Where Was Michigan’s First Drive-In Restaurant?
Oh yeah, we've talked about drive-ins before.
And where to get the best burgers in the state.
But curiosity finally got to me and I wouldn't be satisfied until I located where Michigan's very first drive-in restaurant used to be.
What was the one that started it all? Who was the first to serve up deliciously greasy burgers, crispy french fries, and thick malts? And how about those car hops that would come to your car – sometimes on roller skates – motion for you to roll your window down and clasp a too-heavy tray to the window (sometimes breaking it)? Who in Michigan started it and where was it?
All resources point to Ted's Drive-in, formerly located on the corner of Woodward Avenue and Square Lake Road in Bloomfield Hills, south of Pontiac.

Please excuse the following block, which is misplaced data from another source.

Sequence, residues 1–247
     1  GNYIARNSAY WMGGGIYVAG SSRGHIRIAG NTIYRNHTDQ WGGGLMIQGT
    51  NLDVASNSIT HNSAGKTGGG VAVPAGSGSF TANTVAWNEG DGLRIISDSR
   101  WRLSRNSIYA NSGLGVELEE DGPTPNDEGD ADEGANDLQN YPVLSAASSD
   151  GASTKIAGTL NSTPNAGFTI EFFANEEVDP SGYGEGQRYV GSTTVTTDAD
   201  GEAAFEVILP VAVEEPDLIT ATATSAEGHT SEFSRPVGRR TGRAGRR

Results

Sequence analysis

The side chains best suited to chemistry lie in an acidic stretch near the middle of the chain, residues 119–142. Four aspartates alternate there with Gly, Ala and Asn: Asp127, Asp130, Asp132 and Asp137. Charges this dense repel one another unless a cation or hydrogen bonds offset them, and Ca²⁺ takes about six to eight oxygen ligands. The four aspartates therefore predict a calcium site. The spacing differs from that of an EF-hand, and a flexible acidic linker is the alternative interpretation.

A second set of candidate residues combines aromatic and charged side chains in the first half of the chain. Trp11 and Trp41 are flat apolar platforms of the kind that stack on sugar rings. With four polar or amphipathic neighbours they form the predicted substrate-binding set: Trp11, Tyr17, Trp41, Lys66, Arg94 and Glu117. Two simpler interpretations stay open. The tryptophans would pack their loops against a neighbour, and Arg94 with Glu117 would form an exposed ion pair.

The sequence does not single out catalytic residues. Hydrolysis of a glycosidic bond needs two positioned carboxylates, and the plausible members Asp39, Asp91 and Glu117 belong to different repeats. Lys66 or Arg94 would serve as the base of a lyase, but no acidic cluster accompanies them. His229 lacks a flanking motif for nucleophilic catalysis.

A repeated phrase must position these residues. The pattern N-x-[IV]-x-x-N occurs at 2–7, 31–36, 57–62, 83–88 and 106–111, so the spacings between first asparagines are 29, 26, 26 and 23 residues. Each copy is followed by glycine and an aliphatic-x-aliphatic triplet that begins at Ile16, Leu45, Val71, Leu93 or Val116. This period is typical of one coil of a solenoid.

Before Ted's became the place to hang out and pick up members of the opposite sex while gulping down burgers, it was a lunch wagon in 1934, famous for its “World's Largest Hot Dog”. For being the World's Largest, this foot-long only set you back 35 cents.
You saw the film American Graffiti, right? All they did in that film was cruise the ave all night. That was Woodward. No, not in the movie, but that's exactly what Woodward Avenue was all about in the 1950s. Cruise up & down the ave, lookin' for chicks, scopin' the dudes, smokin' filterless cigarettes, pickin' a fight or two with the out-of-town rubes, and hittin' all the drive-ins, perusing out the date prospects at each one. Cruise by any Friday/Saturday night and kids hangin' out would be decked in letterman's sweaters, leather jackets, bobbysox, tight slacks, and poodle skirts.
And Ted's was Michigan's original.
Take a look at some photos below of Ted's, followed by a bevy of burger barns & drive-ins from Michigan's past, from the 1920s thru the 1960s!
Vintage Hamburger Diners and Michigan's First Drive-in Restaurant
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